April 19, 2019
Extension mergers, often referred to as roll-ups, have historically been one of the most successful business growth models. Whether pursued to extend geography, markets, products, or some combination of these, such mergers focus primarily on revenue synergies. They have fueled impressive growth for companies like Cisco and IBM, who have used their extensive sales and distribution networks to, in turn, drive sales of products from hundreds of small acquisitions. In addition to their effectiveness in the tech sector, extension mergers have a strong track record of success in the banking, telecommunications, and cable industries through the roll-up of regional players into national entities.
While these mergers have combined non-overlapping products and geographies to generate revenue growth, they have also taken place in industries with high economies of scale at the national level, such as those on the right side of the Value Creation Matrix (below). As a result, they have delivered significant cost synergies from increases in volume on scale-sensitive parts of the cost structure.
We have also seen the formation of national companies–including fast food, video rental stores, and auto dealers (see the upper left-hand corner of Value Creation Matrix)–through franchising. National franchises carve up the cost structure into national and local components. The national franchise consolidates the national scale-sensitive portions of the cost structure and relies on local franchise owners to provide the hustle and hands-on management that local operations require.
Over the past couple of decades, we have seen a noticeable increase in extension merger activity of local commodity businesses, such as couriers, janitorial services, and security services (reference lower left-hand side of Value Creation Matrix). These local commodity sectors have few sources of scale-sensitive costs at the national level and have traditionally been dominated by local players who can outhustle their competition.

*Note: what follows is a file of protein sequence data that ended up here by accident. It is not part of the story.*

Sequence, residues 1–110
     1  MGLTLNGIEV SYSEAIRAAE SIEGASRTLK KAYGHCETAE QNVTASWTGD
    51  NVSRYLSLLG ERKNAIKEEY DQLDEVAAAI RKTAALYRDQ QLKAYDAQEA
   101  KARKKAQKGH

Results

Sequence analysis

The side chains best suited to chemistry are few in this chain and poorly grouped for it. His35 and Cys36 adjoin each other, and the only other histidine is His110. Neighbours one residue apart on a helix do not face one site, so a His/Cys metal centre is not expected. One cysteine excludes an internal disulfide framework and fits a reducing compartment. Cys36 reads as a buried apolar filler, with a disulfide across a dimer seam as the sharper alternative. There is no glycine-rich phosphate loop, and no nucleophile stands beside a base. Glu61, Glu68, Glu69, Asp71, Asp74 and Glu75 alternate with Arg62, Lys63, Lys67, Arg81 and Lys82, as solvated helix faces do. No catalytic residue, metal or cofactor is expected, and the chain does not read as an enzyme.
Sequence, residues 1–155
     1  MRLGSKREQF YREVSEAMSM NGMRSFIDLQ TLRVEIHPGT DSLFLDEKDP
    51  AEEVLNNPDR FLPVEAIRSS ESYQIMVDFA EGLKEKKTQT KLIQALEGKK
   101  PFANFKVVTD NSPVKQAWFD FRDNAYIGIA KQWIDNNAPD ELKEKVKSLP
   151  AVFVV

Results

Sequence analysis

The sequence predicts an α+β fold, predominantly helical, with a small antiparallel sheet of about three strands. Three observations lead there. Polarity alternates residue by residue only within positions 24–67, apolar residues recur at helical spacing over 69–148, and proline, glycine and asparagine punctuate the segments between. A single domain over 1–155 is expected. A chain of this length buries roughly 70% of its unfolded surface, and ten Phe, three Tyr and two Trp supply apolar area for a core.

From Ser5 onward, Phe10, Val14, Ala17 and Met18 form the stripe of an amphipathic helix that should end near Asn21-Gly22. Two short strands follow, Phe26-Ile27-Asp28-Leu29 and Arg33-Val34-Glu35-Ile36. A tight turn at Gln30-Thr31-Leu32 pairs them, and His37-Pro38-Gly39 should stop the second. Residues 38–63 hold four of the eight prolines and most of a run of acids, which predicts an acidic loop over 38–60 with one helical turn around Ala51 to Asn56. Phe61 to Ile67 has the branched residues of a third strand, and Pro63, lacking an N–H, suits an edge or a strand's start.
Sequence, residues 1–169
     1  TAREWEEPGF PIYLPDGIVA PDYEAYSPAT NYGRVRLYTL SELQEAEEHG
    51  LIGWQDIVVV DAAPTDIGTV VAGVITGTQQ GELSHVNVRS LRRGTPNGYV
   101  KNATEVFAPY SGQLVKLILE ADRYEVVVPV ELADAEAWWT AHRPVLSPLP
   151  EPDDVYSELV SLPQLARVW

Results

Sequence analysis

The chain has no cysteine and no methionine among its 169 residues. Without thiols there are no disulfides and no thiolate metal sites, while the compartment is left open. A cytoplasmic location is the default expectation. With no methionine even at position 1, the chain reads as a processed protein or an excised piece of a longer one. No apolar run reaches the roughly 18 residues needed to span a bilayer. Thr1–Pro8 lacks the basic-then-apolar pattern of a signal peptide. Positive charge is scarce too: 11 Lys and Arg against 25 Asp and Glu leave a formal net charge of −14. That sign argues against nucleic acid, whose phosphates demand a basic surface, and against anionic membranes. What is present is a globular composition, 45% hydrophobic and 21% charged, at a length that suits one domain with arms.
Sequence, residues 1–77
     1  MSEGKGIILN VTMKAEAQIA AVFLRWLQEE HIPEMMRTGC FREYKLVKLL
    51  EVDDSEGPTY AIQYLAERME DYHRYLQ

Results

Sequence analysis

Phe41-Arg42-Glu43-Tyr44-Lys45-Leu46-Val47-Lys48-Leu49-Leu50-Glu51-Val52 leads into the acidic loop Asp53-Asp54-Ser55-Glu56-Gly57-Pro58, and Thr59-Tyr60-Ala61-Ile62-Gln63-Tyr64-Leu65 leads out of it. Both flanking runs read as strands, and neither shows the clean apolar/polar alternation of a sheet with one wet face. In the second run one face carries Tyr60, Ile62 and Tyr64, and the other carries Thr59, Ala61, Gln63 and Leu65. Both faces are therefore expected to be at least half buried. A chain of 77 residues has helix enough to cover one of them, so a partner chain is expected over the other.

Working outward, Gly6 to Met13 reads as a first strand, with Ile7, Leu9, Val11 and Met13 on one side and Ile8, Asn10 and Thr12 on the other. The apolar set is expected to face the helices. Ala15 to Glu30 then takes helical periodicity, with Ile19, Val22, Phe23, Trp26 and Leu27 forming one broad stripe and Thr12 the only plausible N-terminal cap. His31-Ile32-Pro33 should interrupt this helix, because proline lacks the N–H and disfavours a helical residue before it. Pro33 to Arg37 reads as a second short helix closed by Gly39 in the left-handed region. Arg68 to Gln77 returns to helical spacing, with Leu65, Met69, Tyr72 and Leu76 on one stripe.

Extension mergers that roll up local operating companies.
Roll-ups have a pattern. In the beginning, they create value by increasing liquidity. Small companies have limited access to capital and the company’s stock is usually very difficult to buy or sell, making it illiquid. This depresses the earnings multiple that the company can expect to receive from investors. When a few small companies are rolled up into a bigger company, the bigger company’s stock becomes attractive to more investors. This expands the company’s access to capital and its liquidity. Increased liquidity translates into a higher earnings multiple and greater valuation.
The net net? The bigger company can create financial value by consolidating small companies with low earnings multiples into the larger company that has a higher earnings multiple.
Other roll-ups follow suit and it becomes a race for size. As companies consolidate, this liquidity arbitrage loses its power and the acquirer must find new sources of value to make the consolidation work.
In the early days of this kind of roll-up, investors can make large financial returns. However, the long-term financial results are mixed, with some doing well and others experiencing some type of financial failure or blow-up that destroys shareholder value.
A couple of case studies to illustrate: